• 9:02 am Hail to the New Chief, CSUDH President Thomas Parham
  • 3:36 pm Career Center Holds Major/Minor Fair
  • 5:34 pm After Unexpected Delay, Undocumented Becomes More Intimate Theatrical Production
  • 1:30 pm What to Expect When You’re Expecting New Buildings
  • 12:17 pm Masked Confusion
  • 12:02 pm AAPI Students Protest During Fall Convocation
  • 11:00 am Notes from the Bullpen: Women’s Soccer
  • 6:48 pm First issue of Bulletin, Fall 2022
1

Unprecedented gas prices have hurt all Americans, especially students. But the school offers help. Photo by Nis Guzman in LA county.

By Nis Guzman, Staff Reporter.

Gas prices skyrocketed in February and March reaching as high as $6.95 per gallon of regular unleaded fuel in Los Angeles County. According to the American Automotive Association, the average price per gallon in California has gone up nearly two dollars from a year ago. This is due in part to the Russian invasion of Ukraine, and the sanctions placed on Russia as one of the world’s biggest producers of oil. 

In an unprecedented move designed to help drivers, California’s Gov. Gavin Newsom proposed a relief package that could send auto-owners $400 per registered vehicle and provide three months of free public transportation.

“It’s nice, but the state needs to address the root of the problem; the cost of gas, not provide stimulus,” said Chase Laurence, a Torrance resident, about the governor’s proposal. 

The sudden rise in prices has also led to emergency grants for California State University, Dominguez Hills (CSUDH) students, who have lost their medium of transportation. In an email sent out by faculty to students, CSUDH students are encouraged to apply for a grant that can be worth between $200 and $1,000. The funding for this grant was provided by donations from CSUDH faculty, staff, faculty, alumni, and community members, according to a statement from the school.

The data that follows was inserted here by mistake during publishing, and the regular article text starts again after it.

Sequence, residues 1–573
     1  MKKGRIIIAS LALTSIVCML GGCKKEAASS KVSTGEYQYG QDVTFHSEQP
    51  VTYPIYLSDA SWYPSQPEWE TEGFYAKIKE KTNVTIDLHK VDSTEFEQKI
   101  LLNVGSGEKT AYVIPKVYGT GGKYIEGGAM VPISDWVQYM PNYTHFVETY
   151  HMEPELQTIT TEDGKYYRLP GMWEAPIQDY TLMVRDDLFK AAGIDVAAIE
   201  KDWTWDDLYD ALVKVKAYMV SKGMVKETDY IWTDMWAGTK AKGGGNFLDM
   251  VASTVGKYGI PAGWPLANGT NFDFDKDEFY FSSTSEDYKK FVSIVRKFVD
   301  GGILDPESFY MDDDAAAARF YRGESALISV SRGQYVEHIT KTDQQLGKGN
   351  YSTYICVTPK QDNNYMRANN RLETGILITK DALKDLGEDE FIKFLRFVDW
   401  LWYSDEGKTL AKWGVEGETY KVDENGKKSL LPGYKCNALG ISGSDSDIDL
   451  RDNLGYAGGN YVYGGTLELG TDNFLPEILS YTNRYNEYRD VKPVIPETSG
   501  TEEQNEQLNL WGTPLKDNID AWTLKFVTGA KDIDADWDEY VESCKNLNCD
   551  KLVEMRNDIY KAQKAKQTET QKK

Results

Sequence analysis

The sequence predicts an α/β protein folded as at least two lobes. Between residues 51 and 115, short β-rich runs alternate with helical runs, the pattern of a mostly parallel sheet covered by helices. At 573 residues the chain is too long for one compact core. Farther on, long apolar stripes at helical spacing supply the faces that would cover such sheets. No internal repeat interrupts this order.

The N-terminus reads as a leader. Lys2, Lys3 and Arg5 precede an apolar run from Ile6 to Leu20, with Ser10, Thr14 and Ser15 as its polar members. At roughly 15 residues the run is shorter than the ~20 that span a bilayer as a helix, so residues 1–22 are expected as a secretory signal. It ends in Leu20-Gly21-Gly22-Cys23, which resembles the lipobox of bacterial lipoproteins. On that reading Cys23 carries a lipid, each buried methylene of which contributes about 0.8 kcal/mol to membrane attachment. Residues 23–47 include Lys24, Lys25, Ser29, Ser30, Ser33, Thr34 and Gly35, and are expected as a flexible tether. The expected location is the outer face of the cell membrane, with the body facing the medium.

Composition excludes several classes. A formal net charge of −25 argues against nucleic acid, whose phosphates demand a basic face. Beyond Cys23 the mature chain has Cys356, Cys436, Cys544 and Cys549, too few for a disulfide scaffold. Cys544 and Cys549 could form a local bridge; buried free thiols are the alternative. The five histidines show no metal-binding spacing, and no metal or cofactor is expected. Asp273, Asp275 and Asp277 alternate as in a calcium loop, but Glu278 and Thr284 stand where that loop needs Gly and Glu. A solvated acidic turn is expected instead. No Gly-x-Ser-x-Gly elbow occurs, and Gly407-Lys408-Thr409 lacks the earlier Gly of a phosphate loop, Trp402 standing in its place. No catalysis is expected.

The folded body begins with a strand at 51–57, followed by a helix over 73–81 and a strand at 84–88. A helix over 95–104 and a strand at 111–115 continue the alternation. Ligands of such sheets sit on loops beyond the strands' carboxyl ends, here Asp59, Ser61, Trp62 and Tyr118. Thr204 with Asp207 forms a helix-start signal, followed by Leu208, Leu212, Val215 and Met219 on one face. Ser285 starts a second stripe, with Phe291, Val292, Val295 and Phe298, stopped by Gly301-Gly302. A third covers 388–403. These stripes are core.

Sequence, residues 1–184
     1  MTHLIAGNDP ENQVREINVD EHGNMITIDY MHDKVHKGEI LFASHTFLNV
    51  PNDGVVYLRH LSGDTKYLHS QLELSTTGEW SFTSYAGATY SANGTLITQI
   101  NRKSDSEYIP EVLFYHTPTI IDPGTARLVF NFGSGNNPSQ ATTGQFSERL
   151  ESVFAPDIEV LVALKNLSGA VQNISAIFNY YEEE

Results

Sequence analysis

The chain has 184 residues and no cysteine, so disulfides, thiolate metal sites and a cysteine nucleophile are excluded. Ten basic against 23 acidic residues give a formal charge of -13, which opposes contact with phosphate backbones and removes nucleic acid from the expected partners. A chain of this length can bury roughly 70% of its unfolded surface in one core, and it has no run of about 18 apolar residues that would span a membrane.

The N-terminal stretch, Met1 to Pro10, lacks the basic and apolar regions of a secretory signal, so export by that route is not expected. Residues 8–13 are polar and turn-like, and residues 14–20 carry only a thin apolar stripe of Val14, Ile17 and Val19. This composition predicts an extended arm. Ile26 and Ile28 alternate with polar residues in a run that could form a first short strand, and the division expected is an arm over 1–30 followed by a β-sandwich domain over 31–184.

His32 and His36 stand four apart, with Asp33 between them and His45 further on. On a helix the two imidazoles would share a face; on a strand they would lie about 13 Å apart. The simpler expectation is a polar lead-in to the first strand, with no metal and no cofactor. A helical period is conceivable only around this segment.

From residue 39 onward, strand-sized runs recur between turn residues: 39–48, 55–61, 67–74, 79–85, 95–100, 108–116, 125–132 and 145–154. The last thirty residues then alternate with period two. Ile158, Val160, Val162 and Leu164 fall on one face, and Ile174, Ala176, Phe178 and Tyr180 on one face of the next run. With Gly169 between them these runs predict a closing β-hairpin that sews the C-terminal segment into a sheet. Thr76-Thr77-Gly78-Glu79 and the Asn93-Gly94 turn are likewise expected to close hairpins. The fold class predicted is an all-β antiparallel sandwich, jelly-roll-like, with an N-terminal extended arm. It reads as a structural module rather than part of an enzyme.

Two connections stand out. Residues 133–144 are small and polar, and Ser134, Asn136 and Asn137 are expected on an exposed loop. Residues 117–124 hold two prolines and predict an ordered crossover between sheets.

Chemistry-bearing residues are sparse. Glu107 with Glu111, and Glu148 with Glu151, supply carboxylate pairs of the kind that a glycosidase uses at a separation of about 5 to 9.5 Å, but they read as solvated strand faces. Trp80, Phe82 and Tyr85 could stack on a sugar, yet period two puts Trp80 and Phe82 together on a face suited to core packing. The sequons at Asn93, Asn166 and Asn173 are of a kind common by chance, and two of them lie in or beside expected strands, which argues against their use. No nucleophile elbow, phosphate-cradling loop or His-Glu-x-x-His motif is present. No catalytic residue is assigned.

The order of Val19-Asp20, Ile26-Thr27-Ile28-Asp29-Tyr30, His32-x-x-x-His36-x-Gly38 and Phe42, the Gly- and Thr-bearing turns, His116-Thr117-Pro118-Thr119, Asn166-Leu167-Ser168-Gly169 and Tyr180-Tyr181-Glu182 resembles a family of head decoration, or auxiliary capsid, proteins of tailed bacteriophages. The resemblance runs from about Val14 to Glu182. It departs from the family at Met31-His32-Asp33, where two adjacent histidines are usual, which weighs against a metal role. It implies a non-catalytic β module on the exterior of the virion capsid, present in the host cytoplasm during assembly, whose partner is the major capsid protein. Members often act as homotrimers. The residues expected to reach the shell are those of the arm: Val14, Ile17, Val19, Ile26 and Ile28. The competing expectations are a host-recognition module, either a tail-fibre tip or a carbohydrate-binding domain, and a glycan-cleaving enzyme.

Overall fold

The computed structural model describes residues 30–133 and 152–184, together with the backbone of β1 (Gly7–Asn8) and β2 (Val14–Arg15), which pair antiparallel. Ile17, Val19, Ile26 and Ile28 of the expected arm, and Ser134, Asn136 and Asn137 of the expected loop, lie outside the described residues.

CSUDH students have been among the most affected, as the university holds one of the biggest commuter populations in the CSU system and in California. The majority of students commute to campus from home and work. Given the vastness of Los Angeles County, many students continue to travel and spend a great amount of time in their cars. Students have felt no choice but to pay the high prices of gas since in-person classes have returned to CSUDH after a two-year hiatus due to COVID-19 forcing classes to go virtual. 

“I spend about $60 a week to fill up my tank,” said CSUDH student Stuart Mendoza, owner of a Toyota Rav-4. “It’s a lot [of money] but I have to drive to class and work”. 

Hybrid and all-electric (EVS) vehicles have helped mitigate the impact on their owners’ wallets. “[Prices] are still high but I have a hybrid and I just go back and forth to school, it’s an extra expense but not extreme,” said CSUDH student, Arrianna Lister. 

Drivers who own large utility vehicles have felt the biggest financial impact. Laurence spends $202 to fill up his Chevy Silverado. He relies on his truck for work and a more fuel-efficient vehicle is not an option for him.

“I use my truck to frequently tow things. There are no EV or Hybrid equivalents on the market that have that much towing capacity”, said Laurence. 

The high cost of gas is also affecting other industries. Food delivery services such as Uber Eats is currently charging customers a “Temporary Fuel Surcharge” to help drivers with their gas expense. 

This has led UberEats customers like Joseph Goodrich to use the service less frequently. “[I use the service] typically once per week, used to be about three,” said Goodrich. 

Since the average price per gallon of gas peaked at $6.07 in California in late March, according to data from AAA, prices have come down every day since and currently stand at $5.76.

In March, President Biden authorized the release of one million reserve barrels of oil every day for the next six months. According to the press release, the intention of this is to “provide a historic amount of supply to serve as a bridge until the end of the year when domestic production ramps up”. 
Students in need of financial support can apply for the emergency grant here.

Video by Dylan A. Bryant